Evaluating differences in CBD-related changes in phase coherence between responders and non-responders. Topographic maps of electrode pairs showing an increase (red lines) or decrease (blue line) in phase coherence for each frequency band between T1 and T2 (A), T2 and T3 (B) and T1 and T3 (C) measurements. Patients were separated into responder (left) and non-responder (middle) groups; topographic maps of between-group differences were constructed (right). (A) Between T1 and T2, relatively greater reductions in phase coherence were observed across all frequency bands in the responder relative non-responder group. (B) Between T2 and T3, relative greater increases in phase coherence observed across all frequency bands in both groups. (C) Between T1 and T3, relative greater increases in phase coherence were observed in the non-responder group, whereas the responder group showed greater reductions in phase coherence.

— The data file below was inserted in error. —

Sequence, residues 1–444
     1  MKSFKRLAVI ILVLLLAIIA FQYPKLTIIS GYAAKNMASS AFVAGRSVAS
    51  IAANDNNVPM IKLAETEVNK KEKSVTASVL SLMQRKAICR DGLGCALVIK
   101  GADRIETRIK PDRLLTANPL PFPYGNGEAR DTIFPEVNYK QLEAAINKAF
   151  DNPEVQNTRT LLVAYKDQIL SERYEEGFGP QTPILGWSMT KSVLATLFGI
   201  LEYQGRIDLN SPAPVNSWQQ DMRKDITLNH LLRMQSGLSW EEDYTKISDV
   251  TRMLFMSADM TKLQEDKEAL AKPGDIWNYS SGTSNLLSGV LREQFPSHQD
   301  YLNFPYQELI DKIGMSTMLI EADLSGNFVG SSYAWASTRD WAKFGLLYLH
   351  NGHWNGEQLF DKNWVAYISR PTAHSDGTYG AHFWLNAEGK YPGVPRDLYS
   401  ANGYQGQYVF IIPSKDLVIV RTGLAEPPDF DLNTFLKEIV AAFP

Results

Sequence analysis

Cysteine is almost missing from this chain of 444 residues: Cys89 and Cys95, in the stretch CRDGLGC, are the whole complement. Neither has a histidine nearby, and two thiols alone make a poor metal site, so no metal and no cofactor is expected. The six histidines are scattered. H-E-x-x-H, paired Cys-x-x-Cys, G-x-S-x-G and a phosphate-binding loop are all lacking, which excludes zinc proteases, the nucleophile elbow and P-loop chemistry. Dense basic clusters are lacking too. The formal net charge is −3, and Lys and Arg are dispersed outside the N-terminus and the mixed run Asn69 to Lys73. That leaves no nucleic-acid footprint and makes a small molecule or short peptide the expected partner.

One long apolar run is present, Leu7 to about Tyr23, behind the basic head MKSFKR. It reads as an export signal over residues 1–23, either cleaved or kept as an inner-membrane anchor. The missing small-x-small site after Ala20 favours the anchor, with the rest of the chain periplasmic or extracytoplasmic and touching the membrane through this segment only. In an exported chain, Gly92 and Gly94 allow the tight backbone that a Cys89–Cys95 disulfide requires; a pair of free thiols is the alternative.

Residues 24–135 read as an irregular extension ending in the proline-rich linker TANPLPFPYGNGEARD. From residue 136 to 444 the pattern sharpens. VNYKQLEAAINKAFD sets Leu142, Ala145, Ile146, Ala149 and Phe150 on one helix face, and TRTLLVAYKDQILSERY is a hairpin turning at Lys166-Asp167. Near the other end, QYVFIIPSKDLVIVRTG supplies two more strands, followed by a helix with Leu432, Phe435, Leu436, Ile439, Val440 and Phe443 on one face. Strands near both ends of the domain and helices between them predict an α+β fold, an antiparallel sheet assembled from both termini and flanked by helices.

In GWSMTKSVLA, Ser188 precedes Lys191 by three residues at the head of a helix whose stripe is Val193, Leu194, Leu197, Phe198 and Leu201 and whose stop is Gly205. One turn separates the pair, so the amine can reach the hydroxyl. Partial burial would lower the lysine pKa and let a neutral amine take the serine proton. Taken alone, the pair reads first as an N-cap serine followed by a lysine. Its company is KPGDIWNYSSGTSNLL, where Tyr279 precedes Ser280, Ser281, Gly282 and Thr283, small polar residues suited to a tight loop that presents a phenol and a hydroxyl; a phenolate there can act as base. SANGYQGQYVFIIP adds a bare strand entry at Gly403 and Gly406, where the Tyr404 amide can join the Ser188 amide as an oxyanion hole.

Figure 4

Figure 4

Comparing graph theoretical measures of global brain network dynamics in CBD responder and non-responder groups. Between-group differences in graph theoretical measures of global brain network dynamics were observed only in the beta frequency band. (A) Global efficiency, a measure of network integration, showed a trending group-by-visit interaction (P = 0.074; Cohen’s d = 0.74). Higher global efficiency was observed in the responder relative to non-responder group (P = 0.013). Greater reductions in global efficiency were observed between visits 1 and 2 in the non-responder (P = 0.005) but not responder group (P = 0.80). (B) Degree, a measure of network connectivity, was lower in the responder relative to non-responder group (P = 0.030; Cohen’s d = 1.33). (C) Modularity, a measure of network segregation, showed a trending effect of group (P = 0.093; Cohen’s d = 1.01), where higher modularity was observed in the responder relative to non-responder group.

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References